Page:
Are We Getting Better?
Psychotherapy Dose-Response Effect: A Clinician’s Comments

Abstract:

Hansen (2002) and his colleagues find that clinicians are unable to be as effective in treatment because they are deprived access to a sufficient number of sessions. Using clinical significance methodology they found that only 35% of patients were better at treatment completion, most often after only three sessions. While their recommendation to extend treatment length may be appropriate for many patients, treatment that patients perceive as successful can also be accomplished in fewer sessions for others. Before changing practices, we will need outcomes data that are individualized, subjective and identify specific markers of poor prognosis that can be easily assessed early in treatment. Lacking these data, in most cases, I still prefer to empower patients to decide when treatment is complete.

I was glad to discover additional evidence supporting the enterprise of psychotherapy and its effectiveness in this paper by Hansen, Lambert and Forman (This Issue). This adds to the substantial and encouraging empirical support for the role of psychotherapy in health care. I am afraid, however, that this particular study has little relevance to my practice. I am aware that many researchers and clinicians are lobbying payors and policy makers to provide access to longer-term treatment for their patients. In addition, they seek to persuade patients that there are benefits of continuing in treatment beyond the point at which these patients would otherwise choose to discontinue treatment. But I believe that universal application of this recommendation is ill advised. I consider my practice to be effective even though on average, I see my patients for fewer sessions than this study recommends.

I recognize that I may be in the minority among my psychologist colleagues in psychotherapy “dosing.” This possibility has prompted me to question my practice behaviors. However, while I could comment on my introspection in this regard, I believe that it may be more interesting to comment on why I do not intend to make significant changes in my psychotherapy practice despite these findings.

Since the average length of treatment of my patients is in the range of five to eight visits per episode of treatment, the paper’s findings would suggest that only about 20 percent of my patients are improved at termination. Of course, I do not perceive this to be accurate. Perhaps an analogy will help convey my experience at reviewing this paper.

If a travel agent told me that according to a national average, half of all travelers are in route 2.5 days but most of her clients traveled for 1.75 days, I would expect that she could explain to me how her work and/or clientele differ from the national averages. She might be arranging more flights than other modes of transportation relative to her peers. It might be that her clients’ destinations were closer than the national average. It could be that she plans only a portion of many of her clients’ trips where most agents plan whole trips. It would be silly of me to conclude that based on the national database, most of her clients were not reaching their destinations.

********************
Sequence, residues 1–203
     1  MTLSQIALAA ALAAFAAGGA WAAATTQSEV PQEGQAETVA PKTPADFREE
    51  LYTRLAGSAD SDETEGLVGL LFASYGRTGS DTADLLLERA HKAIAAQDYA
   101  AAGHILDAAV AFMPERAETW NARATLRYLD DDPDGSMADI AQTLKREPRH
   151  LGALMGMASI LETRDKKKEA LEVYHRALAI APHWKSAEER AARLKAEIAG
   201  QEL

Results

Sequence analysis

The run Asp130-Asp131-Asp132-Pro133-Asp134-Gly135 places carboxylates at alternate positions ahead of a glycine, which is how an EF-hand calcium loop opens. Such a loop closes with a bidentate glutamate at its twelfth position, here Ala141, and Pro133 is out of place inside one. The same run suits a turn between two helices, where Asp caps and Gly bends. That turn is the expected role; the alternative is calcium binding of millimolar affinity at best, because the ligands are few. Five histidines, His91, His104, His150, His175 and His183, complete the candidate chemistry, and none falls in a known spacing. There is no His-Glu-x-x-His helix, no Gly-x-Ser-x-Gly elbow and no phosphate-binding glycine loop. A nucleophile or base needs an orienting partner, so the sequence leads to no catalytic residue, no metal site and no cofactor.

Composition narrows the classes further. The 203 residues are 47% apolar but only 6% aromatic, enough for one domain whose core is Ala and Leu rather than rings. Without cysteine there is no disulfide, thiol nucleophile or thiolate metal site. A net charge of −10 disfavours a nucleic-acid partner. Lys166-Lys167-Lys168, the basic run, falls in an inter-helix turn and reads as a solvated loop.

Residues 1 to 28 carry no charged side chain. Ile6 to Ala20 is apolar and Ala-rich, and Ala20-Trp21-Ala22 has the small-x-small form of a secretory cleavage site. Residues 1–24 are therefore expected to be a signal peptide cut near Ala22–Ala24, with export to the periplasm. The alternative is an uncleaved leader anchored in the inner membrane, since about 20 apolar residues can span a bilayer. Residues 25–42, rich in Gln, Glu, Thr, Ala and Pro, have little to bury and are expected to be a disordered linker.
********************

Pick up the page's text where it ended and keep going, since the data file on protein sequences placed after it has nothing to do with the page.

I believe that it is equally unreasonable to conclude that based on the outcomes literature, most of my patients do not reach their treatment goals because they are not remaining in treatment for 20 sessions. Might we instead need to inspect the length of treatment needed and offered in terms of the outcomes sought and desired rather than in terms of some assumed constant criteria of “benefit” for all patients? Perhaps by explaining the development of my practice behaviors I may illuminate what distinguishes the work of like-minded colleagues and myself in “mode” of treatment, patient characteristics and scope of treatment. This may also explain why I believe that my style of treatment is brief but effective.

Do I use a different “mode of transportation?” During my career I, like many, shifted from doing primarily insight-oriented therapy to more active cognitive and behavioral interventions. But maybe more importantly, over twenty years of clinical work, I have adjusted the style of my interactions with patients; by “style” I mean something distinct from drawing on techniques from schools of psychotherapy. One important example to highlight is that I now adjust treatment plans to the wants and expectations of my patients instead of imposing my treatment goals on them. Yet, I have become quite active, particularly in initial sessions, in order to clarify the goals of treatment and instill hope for change. I find it absolutely crucial to have agreement on clear, realistic goals at the outset of treatment. With this hope of, and focus on change, we engage in the most expedient process to meet these goals.